October 1981 · Vol. 10 No. 4 · p. 2 

In This Issue: Vocation and Call

Allen R. Guenther

Thirty years ago the majority of Mennonite Brethren were living in rural communities with farming as the primary vocation. Other acceptable vocations were business, especially those related to agriculture, teaching and medicine in addition to the full-time ministry in the church. Urbanization, increased education, the increasing complexity of our society and the resultant explosion of vocational choices has significantly altered the vocational composition of the Mennonite Brethren. This issue of Direction is devoted to explore some aspects of the two faceted issue of vocation and call.

Carly Friesen surveys the Western classical and Christian concept of manual labor, variously viewed as sin or sacrament. Her concluding question calls for an answer.

Service in the church has generally been viewed as the result of God’s call. Loyal Martin surveyed the twin churches of Delft (Carson) and Mountain Lake, Minnesota and suggests reasons why those congregations have produced so many missionaries, pastors and other full-time church workers.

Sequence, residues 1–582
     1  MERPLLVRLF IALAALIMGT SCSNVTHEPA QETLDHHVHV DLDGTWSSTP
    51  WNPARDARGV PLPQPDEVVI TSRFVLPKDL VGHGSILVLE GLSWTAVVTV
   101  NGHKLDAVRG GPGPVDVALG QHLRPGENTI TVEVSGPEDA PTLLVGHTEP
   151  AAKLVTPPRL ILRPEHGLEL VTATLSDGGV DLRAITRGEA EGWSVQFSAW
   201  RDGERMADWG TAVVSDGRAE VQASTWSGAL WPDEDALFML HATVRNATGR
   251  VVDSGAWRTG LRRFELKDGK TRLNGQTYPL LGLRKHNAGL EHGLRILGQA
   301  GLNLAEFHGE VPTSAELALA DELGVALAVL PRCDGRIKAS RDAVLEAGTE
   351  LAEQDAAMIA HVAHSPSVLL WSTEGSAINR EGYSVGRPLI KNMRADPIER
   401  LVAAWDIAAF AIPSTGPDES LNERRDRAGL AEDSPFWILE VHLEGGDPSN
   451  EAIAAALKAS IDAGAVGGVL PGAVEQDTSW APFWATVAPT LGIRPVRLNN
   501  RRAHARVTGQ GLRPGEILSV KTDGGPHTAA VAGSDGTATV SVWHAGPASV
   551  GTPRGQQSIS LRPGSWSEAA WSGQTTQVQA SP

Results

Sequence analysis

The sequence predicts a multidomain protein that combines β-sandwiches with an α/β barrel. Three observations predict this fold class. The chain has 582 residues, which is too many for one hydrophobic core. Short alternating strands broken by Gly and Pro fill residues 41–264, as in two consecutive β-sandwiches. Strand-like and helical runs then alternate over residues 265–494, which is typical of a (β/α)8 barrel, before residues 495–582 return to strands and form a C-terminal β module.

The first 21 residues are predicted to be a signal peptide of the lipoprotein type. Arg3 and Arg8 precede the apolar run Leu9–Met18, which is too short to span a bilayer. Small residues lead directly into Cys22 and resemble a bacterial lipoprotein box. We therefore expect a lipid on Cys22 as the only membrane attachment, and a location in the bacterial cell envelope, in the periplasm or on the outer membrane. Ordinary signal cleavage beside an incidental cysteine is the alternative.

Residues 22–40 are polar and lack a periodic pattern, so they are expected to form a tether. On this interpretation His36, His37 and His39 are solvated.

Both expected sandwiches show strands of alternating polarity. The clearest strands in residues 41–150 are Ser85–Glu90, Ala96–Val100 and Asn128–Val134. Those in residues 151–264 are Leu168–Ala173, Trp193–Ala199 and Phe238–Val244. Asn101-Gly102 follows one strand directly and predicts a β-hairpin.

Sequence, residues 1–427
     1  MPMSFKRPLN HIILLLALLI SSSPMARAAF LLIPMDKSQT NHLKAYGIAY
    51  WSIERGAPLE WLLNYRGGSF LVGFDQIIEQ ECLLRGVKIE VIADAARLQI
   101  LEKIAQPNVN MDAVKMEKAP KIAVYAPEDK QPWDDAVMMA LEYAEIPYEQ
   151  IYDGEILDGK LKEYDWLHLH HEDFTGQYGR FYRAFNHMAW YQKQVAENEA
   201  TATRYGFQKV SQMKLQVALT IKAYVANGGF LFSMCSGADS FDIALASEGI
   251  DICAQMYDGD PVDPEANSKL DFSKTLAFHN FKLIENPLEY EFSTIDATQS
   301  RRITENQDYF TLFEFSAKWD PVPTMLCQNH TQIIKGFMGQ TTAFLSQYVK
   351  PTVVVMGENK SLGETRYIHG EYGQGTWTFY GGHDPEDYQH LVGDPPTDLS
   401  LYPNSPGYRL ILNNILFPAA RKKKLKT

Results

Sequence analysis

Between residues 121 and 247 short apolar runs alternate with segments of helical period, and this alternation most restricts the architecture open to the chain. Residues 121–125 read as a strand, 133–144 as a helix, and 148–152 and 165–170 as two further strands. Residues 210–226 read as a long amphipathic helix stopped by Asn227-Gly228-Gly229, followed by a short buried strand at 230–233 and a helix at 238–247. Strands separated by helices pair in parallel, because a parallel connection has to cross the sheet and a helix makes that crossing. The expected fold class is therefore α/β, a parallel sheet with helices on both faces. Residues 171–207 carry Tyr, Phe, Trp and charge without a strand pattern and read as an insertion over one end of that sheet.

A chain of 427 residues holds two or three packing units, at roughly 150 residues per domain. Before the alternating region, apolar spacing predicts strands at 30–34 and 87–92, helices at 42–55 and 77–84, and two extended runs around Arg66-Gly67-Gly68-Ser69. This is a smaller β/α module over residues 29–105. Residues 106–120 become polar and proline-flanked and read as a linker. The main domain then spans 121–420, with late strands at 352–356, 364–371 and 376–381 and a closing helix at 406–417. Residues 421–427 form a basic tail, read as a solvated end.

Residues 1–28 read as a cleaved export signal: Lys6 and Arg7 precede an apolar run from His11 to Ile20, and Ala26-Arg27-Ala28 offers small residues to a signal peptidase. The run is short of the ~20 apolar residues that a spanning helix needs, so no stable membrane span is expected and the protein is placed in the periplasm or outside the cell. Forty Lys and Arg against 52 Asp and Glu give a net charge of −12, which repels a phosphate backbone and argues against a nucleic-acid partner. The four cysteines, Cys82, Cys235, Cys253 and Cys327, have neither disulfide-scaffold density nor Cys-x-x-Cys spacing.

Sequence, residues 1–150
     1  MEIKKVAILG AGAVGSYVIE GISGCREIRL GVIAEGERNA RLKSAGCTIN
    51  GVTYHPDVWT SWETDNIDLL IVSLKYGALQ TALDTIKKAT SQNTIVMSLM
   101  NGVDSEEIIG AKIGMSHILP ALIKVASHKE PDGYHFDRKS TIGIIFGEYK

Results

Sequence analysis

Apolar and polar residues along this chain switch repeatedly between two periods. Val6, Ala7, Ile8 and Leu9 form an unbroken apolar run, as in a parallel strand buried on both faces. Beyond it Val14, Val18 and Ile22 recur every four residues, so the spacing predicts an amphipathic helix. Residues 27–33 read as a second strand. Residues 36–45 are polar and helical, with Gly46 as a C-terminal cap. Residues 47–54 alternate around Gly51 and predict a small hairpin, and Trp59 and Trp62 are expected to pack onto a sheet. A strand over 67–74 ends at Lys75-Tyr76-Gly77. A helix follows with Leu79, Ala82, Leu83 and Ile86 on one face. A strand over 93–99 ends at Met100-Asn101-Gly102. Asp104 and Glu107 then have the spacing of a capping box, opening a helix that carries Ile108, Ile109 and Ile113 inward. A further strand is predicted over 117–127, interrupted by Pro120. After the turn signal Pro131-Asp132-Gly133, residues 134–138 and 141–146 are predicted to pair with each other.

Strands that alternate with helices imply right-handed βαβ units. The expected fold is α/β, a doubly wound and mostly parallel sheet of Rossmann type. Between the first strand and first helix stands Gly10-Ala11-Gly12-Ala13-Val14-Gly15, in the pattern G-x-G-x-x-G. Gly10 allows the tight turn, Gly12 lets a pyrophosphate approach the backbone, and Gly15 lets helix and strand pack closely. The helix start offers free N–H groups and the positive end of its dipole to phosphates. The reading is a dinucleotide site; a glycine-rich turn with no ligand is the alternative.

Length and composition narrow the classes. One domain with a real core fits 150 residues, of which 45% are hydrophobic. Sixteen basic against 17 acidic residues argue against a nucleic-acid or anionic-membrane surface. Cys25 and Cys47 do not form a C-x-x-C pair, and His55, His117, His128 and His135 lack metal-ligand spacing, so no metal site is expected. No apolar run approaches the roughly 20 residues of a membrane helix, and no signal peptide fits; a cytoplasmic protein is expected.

John Friesen explores the social sciences, especially psychology and sociology, for aids they offer the vocational counselor.

Thirty years ago Mennonite Brethren women were confined to a limited number of vocations: homemaker, teacher, nurse, missionary. The vocations and professions are as wide open today to women as to men. John Regehr reminds us that parenthood is a noble calling too and that it applies equally to men and to women.

Finally, Mike Klassen surveys recent literature on premarital counseling which will be particularly helpful for pastors and others involved in counseling young people.

Elmer Martens who has given many years of creative and steady effort to the editorial oversight of Direction has resigned. The editorial chairmanship is being assumed by Allen Guenther. We welcome George Shillington to the managing editor’s role. David Ewert, continuing as book review editor, is now the Board of Christian Literature’s representative.

The readers’ criticisms, suggestions, submissions and prayers are welcomed by the editors.